Sep 3 2013
Controversial lobbying reforms survived their first Commons test tonight as a potential rebellion by Tory backbenchers amounted to only a handful of MPs.
There had been widespread criticism of the Government's proposed changes to lobbying rules, which charities have warned could prevent them from voicing concerns about Government policy.
Under the proposed changes in the Transparency of Lobbying, Non-Party Campaigning and Trade Union Administration Bill, any organisation - apart from political parties - would be prevented from spending more than £390,000 on campaigns which could be deemed political in the 12 months leading up to a general election.
The current limit is £988,000 and both Labour and Tory MPs criticised the Government's plans, which they said amounted to an attack on freedom of speech.
After last week's defeat for the Government on military action in Syria, there had been fears there could be more pain for Tory chief whip Sir George Young in a vote on a programme motion setting out plans to debate the Bill in committee stage in the House of Commons over three days next week.
Without the approval of MPs, the debate could be allowed to run and run and would make it increasingly unlikely the Bill could make it safely through parliament.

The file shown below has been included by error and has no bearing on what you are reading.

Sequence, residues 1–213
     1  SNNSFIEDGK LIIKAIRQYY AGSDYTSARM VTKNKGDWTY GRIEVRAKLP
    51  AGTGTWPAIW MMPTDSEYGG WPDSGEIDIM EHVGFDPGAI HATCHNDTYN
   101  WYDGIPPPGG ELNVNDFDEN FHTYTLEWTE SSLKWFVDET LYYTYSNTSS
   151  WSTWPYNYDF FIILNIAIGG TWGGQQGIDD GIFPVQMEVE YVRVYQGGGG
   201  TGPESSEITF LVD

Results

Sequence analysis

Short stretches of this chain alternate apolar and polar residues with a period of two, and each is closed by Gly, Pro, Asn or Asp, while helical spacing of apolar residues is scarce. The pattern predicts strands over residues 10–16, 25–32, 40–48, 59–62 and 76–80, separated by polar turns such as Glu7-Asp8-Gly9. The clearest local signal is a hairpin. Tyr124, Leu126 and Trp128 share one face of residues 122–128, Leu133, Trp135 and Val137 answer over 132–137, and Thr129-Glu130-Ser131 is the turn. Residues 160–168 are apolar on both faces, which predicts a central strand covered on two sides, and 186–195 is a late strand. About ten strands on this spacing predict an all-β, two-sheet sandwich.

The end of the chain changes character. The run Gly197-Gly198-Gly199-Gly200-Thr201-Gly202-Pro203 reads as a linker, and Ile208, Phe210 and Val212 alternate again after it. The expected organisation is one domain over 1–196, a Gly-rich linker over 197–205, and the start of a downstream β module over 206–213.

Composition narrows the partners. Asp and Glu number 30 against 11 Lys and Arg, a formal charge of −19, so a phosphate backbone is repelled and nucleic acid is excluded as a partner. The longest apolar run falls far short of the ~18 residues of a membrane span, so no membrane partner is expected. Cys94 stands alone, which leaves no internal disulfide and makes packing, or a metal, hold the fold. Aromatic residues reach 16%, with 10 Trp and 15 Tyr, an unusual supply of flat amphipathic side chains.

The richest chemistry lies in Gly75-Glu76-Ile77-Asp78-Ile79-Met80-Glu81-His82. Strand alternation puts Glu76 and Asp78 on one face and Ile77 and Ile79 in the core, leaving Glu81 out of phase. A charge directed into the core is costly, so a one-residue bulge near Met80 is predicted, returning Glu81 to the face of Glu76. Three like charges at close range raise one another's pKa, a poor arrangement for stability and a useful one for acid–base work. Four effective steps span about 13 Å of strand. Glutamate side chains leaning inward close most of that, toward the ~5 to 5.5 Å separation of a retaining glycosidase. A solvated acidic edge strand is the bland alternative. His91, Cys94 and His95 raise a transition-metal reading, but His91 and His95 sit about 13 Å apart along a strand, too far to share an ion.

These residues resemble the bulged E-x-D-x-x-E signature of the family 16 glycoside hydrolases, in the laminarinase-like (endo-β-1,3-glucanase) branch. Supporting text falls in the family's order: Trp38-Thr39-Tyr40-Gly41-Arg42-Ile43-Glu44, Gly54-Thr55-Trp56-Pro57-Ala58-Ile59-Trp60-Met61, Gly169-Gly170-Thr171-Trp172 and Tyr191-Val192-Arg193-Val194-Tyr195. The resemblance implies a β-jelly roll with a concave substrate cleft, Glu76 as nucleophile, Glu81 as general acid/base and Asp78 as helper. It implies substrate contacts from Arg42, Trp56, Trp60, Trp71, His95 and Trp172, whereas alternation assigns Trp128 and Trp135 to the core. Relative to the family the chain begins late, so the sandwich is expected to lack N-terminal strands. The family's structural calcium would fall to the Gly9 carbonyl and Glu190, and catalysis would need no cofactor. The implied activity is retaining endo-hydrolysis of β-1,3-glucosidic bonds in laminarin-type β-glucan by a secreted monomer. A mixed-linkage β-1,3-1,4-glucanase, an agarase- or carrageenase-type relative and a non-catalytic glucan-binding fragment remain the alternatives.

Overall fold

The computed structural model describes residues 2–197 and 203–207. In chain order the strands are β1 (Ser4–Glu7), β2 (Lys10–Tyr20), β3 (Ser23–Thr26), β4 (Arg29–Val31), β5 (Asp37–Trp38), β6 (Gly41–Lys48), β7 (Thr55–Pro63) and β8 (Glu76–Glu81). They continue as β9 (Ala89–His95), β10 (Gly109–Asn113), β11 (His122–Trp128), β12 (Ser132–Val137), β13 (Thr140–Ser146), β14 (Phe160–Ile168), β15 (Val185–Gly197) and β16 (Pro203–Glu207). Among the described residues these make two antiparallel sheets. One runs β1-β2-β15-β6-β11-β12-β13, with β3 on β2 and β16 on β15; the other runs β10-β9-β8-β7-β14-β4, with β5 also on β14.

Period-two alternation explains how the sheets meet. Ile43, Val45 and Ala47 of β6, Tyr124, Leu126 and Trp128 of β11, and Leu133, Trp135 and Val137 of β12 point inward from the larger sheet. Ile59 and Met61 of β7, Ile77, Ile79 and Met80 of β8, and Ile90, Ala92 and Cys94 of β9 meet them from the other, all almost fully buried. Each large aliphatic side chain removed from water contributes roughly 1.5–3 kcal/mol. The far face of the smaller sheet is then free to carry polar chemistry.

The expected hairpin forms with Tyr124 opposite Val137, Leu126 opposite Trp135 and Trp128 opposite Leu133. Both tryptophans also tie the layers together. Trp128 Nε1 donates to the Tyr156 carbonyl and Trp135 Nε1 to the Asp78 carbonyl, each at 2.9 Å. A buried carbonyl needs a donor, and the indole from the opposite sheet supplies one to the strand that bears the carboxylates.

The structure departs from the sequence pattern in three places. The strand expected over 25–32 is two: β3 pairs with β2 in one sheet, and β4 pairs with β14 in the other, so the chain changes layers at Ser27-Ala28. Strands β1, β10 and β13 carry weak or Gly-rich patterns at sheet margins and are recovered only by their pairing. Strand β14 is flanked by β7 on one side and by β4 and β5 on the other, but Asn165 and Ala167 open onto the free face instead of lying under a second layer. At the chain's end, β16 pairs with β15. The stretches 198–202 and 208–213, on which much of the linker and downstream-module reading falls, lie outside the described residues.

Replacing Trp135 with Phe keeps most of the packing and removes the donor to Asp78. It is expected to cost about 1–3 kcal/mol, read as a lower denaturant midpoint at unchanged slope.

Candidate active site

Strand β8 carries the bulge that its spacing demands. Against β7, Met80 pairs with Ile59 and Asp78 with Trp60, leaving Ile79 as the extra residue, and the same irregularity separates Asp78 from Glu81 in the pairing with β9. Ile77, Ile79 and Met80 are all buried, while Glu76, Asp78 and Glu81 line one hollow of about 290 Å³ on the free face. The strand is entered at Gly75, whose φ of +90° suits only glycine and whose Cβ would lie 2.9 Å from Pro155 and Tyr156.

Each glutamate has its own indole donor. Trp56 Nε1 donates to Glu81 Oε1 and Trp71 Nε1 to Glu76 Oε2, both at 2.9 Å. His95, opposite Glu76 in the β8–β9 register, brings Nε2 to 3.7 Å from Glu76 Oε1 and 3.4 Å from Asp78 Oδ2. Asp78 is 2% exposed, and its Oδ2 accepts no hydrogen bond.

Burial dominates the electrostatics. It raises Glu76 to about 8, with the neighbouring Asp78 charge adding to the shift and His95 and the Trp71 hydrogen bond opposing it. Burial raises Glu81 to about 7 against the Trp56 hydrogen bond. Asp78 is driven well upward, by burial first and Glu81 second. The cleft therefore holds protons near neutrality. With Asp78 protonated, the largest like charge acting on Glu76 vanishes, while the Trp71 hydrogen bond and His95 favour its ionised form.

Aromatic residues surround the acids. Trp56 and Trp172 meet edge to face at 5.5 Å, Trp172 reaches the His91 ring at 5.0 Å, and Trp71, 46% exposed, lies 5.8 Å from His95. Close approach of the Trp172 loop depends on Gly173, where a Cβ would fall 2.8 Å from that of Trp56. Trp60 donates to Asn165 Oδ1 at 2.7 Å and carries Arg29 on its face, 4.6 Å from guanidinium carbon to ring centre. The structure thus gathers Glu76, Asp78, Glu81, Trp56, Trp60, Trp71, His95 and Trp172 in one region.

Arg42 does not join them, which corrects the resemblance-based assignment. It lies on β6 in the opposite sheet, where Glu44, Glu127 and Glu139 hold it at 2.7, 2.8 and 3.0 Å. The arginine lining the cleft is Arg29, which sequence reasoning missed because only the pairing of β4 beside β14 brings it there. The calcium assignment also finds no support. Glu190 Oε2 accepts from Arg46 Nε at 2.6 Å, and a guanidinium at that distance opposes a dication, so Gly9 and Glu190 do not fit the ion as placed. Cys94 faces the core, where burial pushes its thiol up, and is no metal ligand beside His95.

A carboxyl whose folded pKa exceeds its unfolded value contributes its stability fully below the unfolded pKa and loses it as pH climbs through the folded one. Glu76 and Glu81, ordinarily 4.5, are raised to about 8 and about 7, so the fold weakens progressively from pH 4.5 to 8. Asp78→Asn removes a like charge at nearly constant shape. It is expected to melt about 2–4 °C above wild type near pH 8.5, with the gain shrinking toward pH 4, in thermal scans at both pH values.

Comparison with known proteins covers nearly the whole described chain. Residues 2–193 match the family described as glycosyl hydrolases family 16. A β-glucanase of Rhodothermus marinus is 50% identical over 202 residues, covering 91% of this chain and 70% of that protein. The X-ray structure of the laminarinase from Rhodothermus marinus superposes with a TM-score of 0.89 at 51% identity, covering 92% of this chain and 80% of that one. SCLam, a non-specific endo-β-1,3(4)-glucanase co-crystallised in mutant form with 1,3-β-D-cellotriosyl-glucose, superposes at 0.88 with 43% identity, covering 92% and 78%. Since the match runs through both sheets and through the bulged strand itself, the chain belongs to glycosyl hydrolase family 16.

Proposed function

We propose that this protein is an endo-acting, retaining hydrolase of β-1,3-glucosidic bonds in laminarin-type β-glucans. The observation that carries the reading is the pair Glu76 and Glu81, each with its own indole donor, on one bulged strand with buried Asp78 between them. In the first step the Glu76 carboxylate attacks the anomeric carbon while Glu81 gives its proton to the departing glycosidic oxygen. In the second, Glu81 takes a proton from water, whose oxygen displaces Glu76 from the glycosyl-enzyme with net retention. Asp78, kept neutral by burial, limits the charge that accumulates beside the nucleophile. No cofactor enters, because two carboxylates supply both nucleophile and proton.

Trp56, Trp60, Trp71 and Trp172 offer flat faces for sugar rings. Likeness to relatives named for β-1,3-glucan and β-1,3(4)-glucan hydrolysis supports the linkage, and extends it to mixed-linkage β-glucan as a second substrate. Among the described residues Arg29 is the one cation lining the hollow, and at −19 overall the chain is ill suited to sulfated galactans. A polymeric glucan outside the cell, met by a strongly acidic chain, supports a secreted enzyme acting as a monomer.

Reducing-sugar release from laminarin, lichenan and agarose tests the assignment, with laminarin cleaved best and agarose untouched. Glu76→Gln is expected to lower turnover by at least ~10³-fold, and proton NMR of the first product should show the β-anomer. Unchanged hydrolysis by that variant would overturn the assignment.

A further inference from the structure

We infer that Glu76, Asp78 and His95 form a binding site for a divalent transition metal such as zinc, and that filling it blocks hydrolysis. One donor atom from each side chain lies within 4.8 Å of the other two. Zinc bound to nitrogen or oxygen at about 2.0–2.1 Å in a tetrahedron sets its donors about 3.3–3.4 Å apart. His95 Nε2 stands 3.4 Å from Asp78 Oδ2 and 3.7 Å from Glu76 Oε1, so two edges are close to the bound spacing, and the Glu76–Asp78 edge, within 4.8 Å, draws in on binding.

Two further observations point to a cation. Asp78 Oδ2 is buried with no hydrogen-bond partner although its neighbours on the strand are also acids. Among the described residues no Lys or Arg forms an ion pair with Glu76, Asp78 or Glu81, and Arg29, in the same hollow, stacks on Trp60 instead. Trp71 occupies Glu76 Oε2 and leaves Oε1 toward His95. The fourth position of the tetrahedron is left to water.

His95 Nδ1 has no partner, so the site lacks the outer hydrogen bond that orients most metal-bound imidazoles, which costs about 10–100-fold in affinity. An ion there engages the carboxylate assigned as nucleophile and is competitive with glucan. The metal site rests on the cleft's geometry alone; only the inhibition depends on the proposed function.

After the lobbying Bill received a second reading by 309 votes to 247, Government majority 62, the programme motion was passed by 300 votes to 249, Government majority 51. The reduced majority might have been even lower were it not for last week's defeat on military action in Syria.
In the last vote, the rebelling Tory MPs were Andrew Bridgen, Douglas Carswell, Philip Davies, David Davis, Zac Goldsmith, David Nuttall and Chris White.
Of the seven who voted against the Government's programme motion, only two - Mr Bridgen and Mr White - supported the Bill at second reading. The remaining five voted against the Bill at second reading.
Only two Liberal Democrats voted against the programme motion. They were Andrew George and Stephen Williams. Neither Mr George nor Mr Williams voted against the Bill at second reading.